If you're more than a decade from retirement, you might be tempted to plow into bonds, thanks to their rosy recent returns. Instead, you should still be focusing on stocks for their higher long-term gains. That said, there's still good reason to put a modest amount of money in a solid core bond fund to reduce risk without sapping returns over time. A portfolio holding just the Vanguard 500 Index fund would've fallen 12% last year, but if 10% of that money had been in a bond index fund, it would've lost only 10%. Those two portfolios would've posted similar gains over the past 10 years.
Why You Might Bother With Bonds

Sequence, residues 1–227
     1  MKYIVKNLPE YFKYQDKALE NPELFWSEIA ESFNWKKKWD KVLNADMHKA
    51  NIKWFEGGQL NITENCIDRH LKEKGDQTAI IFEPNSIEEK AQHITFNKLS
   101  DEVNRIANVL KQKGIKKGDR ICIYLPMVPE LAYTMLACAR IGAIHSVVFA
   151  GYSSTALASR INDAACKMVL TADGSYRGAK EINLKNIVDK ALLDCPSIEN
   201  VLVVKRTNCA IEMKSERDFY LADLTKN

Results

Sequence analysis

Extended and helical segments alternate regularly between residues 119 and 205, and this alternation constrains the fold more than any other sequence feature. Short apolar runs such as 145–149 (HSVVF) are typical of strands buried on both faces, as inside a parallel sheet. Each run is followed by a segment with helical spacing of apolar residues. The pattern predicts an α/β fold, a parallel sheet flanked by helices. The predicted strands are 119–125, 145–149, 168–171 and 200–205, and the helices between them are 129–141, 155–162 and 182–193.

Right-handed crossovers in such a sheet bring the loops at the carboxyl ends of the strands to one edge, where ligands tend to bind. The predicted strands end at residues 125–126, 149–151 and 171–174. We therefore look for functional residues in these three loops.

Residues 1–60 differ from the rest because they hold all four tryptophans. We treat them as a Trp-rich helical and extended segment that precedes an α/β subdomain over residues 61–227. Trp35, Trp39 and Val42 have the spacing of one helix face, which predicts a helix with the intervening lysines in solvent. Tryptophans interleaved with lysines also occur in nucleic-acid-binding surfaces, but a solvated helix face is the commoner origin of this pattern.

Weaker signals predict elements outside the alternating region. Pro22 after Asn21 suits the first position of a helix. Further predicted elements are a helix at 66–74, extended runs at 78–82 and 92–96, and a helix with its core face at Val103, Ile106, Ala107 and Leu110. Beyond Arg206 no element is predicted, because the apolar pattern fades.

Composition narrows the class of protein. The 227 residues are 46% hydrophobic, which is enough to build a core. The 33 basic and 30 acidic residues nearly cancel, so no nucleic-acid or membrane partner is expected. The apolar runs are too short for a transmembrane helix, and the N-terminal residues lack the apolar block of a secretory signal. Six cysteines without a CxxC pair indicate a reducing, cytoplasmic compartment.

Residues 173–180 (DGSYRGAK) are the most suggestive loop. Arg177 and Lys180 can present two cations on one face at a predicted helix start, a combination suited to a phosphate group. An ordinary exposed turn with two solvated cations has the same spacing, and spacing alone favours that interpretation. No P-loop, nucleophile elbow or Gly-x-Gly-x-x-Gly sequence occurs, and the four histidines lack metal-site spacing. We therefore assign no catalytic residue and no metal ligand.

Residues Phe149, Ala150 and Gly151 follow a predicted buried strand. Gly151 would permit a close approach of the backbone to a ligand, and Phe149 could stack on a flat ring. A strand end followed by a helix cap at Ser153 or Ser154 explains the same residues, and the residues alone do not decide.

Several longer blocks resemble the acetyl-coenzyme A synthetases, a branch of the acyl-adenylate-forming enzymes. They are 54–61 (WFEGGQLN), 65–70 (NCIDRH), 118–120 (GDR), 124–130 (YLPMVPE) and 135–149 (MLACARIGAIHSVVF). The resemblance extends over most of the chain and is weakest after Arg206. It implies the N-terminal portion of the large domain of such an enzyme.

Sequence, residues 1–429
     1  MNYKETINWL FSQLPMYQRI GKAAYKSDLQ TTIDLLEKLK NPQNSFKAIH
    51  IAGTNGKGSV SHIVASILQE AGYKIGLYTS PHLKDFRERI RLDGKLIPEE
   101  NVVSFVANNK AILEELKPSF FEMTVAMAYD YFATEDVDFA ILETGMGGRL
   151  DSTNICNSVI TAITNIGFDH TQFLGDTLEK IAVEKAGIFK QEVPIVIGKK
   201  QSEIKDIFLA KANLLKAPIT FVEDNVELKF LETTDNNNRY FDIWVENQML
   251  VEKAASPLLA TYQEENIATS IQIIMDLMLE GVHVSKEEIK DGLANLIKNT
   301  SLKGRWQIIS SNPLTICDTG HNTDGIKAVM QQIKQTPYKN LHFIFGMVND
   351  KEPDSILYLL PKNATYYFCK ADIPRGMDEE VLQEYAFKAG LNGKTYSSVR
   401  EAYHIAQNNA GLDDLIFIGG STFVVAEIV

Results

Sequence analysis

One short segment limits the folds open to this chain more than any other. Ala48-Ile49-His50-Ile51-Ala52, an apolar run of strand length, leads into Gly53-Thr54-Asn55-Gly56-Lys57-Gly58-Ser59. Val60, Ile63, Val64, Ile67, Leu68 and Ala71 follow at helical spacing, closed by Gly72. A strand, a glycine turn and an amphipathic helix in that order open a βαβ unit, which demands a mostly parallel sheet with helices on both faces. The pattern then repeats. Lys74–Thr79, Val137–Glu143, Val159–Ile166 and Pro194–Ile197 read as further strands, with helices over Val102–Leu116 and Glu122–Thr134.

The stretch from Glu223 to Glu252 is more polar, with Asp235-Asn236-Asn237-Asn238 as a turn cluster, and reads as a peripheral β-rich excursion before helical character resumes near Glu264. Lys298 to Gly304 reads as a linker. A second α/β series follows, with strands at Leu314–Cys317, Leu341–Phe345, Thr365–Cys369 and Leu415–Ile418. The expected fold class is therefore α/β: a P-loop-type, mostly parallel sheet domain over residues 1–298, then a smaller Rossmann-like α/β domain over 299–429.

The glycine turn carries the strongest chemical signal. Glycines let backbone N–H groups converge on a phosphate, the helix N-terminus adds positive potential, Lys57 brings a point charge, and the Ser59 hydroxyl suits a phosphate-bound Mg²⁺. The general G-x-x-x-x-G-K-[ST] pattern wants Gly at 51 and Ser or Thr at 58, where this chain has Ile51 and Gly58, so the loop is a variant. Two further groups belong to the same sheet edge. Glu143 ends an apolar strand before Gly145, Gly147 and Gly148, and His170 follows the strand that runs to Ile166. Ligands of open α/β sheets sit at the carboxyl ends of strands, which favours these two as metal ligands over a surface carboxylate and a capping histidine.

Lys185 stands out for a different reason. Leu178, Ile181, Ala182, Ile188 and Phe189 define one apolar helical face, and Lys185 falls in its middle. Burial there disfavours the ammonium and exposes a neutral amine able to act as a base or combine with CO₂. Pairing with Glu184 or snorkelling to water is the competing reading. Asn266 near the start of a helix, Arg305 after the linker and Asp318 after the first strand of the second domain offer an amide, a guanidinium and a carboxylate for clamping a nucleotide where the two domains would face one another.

Source: Morningstar. Returns through Dec. 31.
This isn't to say bonds shouldn't play a far bigger role in your portfolio as you near retirement. It's often said that once you're within 10 years of retiring, your bond exposure shouldn't be much lower than your age.
There you have it, five steps that should make your 401(k) a less troubling sight. Rip off the Band-Aid and get to work.
Ian McDonald writes daily for TheStreet.com. In keeping with TSC's editorial policy, he doesn't own or short individual stocks. He also doesn't invest in hedge funds or other private investment partnerships. He invites you to send your feedback to
firstname.lastname@example.org, but he cannot give specific financial advice.